KHN Morning Briefing

Summaries of health policy coverage from major news organizations

Today’s Op-Eds: Health Reform Is Working, The Costs Of The Overhaul, Erasing Mental Health Care Stigma For Vets

Health Care Overhaul Is Lacking Des Moines Register
The health care overhaul missed a historic opportunity to cut costs, which was a main reason for the overhaul. Employees are learning they'll pay more, not less. This contradicts the message from President Obama that health reform would lower a typical family's premiums by up to $2,500 (Sen. Chuck Grassley, 11/11).

Health Reform Is Working The Philadelphia Inquirer 
So the GOP's guerilla-style tactics to slow and even reverse health reform could well prove unpopular with growing numbers of citizens as the benefits of the Affordable Care Act (its official name) take hold. That, of course, is the message President Obama's aides should, and will, try to get out in the months ahead (11/11).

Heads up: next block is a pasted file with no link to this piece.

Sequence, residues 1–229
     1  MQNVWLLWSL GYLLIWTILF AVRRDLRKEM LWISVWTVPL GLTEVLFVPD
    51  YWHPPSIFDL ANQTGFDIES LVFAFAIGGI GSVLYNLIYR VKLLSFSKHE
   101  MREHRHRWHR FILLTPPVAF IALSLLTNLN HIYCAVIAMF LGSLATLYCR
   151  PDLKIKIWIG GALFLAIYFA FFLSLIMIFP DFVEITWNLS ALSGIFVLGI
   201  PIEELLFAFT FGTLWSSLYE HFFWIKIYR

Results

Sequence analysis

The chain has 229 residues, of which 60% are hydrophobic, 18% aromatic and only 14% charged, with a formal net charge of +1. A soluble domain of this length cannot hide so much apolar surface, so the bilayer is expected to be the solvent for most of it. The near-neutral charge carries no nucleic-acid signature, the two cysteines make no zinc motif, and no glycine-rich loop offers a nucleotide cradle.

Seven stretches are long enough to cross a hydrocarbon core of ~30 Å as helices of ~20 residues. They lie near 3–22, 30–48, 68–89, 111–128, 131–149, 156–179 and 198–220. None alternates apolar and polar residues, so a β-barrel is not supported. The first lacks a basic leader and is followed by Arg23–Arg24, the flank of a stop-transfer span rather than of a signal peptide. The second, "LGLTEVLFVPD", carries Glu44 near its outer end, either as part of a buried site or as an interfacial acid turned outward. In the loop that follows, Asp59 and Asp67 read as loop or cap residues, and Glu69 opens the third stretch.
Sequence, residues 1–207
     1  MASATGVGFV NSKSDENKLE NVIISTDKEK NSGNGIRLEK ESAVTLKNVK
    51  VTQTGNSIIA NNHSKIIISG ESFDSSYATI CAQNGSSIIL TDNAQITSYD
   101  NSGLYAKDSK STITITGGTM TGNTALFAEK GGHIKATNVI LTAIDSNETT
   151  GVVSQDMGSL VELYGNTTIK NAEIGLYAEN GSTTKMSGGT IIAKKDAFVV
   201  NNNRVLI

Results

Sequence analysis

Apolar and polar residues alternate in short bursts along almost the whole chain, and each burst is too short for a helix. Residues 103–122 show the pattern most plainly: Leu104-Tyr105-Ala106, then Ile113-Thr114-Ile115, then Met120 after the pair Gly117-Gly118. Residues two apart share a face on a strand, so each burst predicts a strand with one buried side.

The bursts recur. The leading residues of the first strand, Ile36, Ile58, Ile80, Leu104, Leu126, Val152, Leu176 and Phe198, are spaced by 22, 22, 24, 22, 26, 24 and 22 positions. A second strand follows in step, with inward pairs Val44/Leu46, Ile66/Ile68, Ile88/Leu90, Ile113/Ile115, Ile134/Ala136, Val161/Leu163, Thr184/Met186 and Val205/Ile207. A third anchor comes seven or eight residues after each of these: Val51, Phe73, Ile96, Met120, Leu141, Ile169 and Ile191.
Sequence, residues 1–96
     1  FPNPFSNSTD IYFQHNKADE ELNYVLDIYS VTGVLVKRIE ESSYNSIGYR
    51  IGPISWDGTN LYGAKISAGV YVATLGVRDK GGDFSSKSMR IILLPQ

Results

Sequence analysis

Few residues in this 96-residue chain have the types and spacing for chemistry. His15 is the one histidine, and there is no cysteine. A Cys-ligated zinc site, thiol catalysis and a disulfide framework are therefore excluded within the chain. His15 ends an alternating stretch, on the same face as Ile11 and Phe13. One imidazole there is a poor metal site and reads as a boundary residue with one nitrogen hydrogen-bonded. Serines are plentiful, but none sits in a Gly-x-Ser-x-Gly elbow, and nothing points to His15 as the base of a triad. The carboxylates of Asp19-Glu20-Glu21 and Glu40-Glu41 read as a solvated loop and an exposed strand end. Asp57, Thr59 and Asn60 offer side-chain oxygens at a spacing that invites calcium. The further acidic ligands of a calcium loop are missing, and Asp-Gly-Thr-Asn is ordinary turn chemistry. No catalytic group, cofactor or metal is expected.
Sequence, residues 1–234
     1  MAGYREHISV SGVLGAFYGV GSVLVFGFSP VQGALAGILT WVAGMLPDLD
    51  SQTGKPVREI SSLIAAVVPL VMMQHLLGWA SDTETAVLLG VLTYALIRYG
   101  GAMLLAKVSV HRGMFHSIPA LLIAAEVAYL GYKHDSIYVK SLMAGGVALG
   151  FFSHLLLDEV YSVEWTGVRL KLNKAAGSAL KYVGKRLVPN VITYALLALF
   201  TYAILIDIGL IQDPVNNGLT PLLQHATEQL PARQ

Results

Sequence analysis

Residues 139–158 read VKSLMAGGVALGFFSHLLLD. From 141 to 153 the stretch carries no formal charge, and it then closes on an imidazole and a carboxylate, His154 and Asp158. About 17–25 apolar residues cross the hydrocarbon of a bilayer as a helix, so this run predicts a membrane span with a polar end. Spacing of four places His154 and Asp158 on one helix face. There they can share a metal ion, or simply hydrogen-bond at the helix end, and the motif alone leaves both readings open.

Health-Care Overhaul Helps More Patients But At A Cost The Newton Kansan
The health-care overhaul will force millions of uninsured people who can afford health insurance to get insurance. However, millions more will come onto the state- and federal-funded Medicaid rolls. The volume may be an issue for the system, as it currently is taking up to 10 months to get a Medicaid card today (Cristina Janney, 11/10).

Veterans And Mental Health Care The Atlanta Journal-Constitution
Removing the false distinction for mental illness and making these policy changes would play a major role in overcoming stigma and encourage more soldiers to seek help when they need it, improving the overall health of our fighting forces (Rosalynn Carter and Rep. Patrick Kennedy, 11/10).

We Owe It To Our Veterans To Provide The Best Of Care Houston Chronicle
It is important to encourage veterans returning from Iraq and Afghanistan to seek an evaluation and treatment if any evidence of PTS is detected. To prevent PTS from developing into PTSD, VA can help with coping skills and mental health care to avert the more serious condition (Sec. Eric Shinseki, 11/10).

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